2003 Seattle Annual Meeting (November 2–5, 2003)

Paper No. 6
Presentation Time: 9:20 AM


BEKINS, Barbara1, HOSTETTLER, Frances2, WARREN, Ean2, HERKELRATH, William2, DELIN, Geoff3 and ESSAID, Hedeff2, (1)U.S. Geol Survey, 345 Middlefield Road, Menlo Park, CA 94025, (2)U.S. Geological Survey, 345 Middlefield Road, Menlo Park, CA 94025, (3)U.S. Geol Survey, 2280 Woodale Dr, Mounds View, MN 55112, babekins@usgs.gov

At a study site near Bemidji, Minnesota, degradation of crude oil varies strongly with location in the subsurface. Separate-phase oil is present in the vadose zone and as an elongated elliptical oil body at the water table 6-8 meters below land surface. Gas concentrations in the vadose zone and Most Probable Number Analyses of microbial populations show that methanogenic conditions prevail throughout the separate-phase oil. Analyses of oil samples collected in 1999-2002 document the change in n-alkanes since the 1979 spill. Unlike aerobic systems where low order n-alkanes are degraded first, under the methanogenic conditions in the subsurface oil body, the high-order n-alkanes are degraded first. In the upgradient limb of the oil body, the n-alkanes are nearly completely degraded, whereas in the downgradient limb, very little degradation has occurred compared to oil that was collected shortly after the spill. These differences appear to be related to groundwater recharge. Recharge above the upgradient and downgradient lobes was estimated during 2002 using two vertical arrays of soil moisture probes. The data show that the upgradient oil lobe receives three times the recharge of the downgradient lobe. The higher recharge location is about two meters lower in elevation and is grass covered, whereas the low recharge area has pine trees at the surface.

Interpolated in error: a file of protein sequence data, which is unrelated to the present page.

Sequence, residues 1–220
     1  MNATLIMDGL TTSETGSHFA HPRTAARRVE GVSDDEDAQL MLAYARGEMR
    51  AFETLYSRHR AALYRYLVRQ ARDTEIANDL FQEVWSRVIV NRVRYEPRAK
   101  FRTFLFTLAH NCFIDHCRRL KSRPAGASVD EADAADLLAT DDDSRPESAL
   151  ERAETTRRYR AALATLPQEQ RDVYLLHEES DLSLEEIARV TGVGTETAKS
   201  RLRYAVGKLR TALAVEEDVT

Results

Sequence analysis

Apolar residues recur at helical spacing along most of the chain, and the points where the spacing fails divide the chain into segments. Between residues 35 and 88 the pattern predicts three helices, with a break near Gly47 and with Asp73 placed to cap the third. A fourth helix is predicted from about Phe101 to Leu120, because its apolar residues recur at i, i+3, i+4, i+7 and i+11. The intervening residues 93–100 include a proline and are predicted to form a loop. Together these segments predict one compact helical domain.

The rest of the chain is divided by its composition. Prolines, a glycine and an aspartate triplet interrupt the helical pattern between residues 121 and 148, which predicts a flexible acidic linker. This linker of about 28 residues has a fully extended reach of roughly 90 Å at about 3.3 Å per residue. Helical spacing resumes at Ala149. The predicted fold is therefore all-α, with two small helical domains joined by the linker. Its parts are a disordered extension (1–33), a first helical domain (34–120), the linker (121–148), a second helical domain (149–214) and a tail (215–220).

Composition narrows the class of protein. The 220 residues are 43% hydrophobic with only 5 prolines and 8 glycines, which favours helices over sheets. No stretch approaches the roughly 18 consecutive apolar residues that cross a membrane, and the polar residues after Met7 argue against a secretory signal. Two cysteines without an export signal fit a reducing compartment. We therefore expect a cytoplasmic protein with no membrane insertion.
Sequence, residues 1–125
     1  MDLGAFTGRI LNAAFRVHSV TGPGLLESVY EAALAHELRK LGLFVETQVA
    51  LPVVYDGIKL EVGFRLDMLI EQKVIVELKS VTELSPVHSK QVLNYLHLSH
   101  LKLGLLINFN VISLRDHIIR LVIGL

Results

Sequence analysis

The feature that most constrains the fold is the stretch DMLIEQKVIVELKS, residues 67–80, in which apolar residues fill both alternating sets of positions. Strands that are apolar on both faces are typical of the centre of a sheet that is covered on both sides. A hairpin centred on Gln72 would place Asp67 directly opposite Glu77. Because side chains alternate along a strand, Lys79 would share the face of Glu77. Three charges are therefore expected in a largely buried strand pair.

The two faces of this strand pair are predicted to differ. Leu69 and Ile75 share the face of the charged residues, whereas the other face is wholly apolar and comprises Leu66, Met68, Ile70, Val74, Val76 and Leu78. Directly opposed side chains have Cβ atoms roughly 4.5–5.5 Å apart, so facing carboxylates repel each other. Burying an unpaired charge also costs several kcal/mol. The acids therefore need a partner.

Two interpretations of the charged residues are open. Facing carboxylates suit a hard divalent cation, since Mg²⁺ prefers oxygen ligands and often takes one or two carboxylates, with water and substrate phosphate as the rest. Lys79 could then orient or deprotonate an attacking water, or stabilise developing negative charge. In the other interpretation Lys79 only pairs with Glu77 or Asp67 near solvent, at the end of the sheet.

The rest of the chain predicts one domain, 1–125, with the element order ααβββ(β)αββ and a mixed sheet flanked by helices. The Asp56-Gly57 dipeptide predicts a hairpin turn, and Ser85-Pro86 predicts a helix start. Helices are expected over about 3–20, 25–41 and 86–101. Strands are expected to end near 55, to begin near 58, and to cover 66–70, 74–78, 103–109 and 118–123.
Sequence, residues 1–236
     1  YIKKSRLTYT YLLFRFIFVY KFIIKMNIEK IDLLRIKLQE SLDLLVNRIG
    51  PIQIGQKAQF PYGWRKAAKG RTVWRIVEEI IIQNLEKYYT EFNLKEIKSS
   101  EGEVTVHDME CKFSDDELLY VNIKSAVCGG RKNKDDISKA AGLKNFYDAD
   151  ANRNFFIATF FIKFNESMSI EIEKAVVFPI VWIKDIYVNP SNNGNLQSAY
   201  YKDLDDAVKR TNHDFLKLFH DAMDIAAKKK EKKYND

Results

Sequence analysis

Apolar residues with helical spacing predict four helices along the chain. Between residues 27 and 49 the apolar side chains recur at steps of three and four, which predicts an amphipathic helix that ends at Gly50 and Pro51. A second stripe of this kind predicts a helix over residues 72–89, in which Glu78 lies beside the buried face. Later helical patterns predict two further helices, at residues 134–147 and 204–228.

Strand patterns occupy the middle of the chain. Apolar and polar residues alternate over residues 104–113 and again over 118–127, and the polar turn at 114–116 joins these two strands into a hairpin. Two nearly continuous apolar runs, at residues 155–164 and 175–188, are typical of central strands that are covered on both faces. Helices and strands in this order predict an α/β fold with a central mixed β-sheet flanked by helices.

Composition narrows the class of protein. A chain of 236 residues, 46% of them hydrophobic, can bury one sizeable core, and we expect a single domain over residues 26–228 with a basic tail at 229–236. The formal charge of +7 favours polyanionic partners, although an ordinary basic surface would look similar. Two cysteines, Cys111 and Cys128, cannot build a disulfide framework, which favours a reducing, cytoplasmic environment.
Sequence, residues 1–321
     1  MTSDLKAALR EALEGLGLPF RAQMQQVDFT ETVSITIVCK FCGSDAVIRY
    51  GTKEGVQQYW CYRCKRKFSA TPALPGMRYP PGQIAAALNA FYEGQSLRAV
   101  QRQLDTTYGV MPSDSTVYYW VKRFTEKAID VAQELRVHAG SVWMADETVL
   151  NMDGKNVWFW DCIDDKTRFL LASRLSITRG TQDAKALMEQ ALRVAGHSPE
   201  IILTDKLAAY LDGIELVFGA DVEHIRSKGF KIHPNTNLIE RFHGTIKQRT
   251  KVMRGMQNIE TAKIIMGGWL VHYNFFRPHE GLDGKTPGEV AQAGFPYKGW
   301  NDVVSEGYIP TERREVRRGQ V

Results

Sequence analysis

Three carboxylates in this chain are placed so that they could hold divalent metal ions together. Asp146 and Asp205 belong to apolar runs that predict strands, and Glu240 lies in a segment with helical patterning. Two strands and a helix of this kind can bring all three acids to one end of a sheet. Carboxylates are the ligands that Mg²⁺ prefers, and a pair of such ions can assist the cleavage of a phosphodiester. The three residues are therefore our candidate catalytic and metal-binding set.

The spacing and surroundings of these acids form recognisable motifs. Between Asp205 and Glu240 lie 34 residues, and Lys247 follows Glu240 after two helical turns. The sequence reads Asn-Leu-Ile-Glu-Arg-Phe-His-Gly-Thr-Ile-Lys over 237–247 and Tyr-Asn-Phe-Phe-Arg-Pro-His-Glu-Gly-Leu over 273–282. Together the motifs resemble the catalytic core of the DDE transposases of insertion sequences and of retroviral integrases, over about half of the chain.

Although the relationship to recharge is striking, the underlying mechanism for the variation in degradation is not clear. Possible explanations are enhanced dissolution in the upgradient high recharge area and greater supply of growth nutrients from land surface. Numerical modeling of dissolution and degradation confirms that higher recharge enhances dissolution, accelerating loss of the more soluble hydrocarbons. Total inorganic nitrogen analyses of the aquifer sediments show that nitrogen mass fraction decreases with depth below land surface in the vadose zone. Dissolved carbon-nitrogen ratios in the contaminant plume below the water table indicate nitrogen-limiting growth conditions. Our data show that methanogens and fermenters are higher in number near land surface and in subsurface oil-body sections where recharge is greatest. These results suggest that the higher recharge supplies more nitrogen, thus enhancing the hydrocarbon-degrading populations.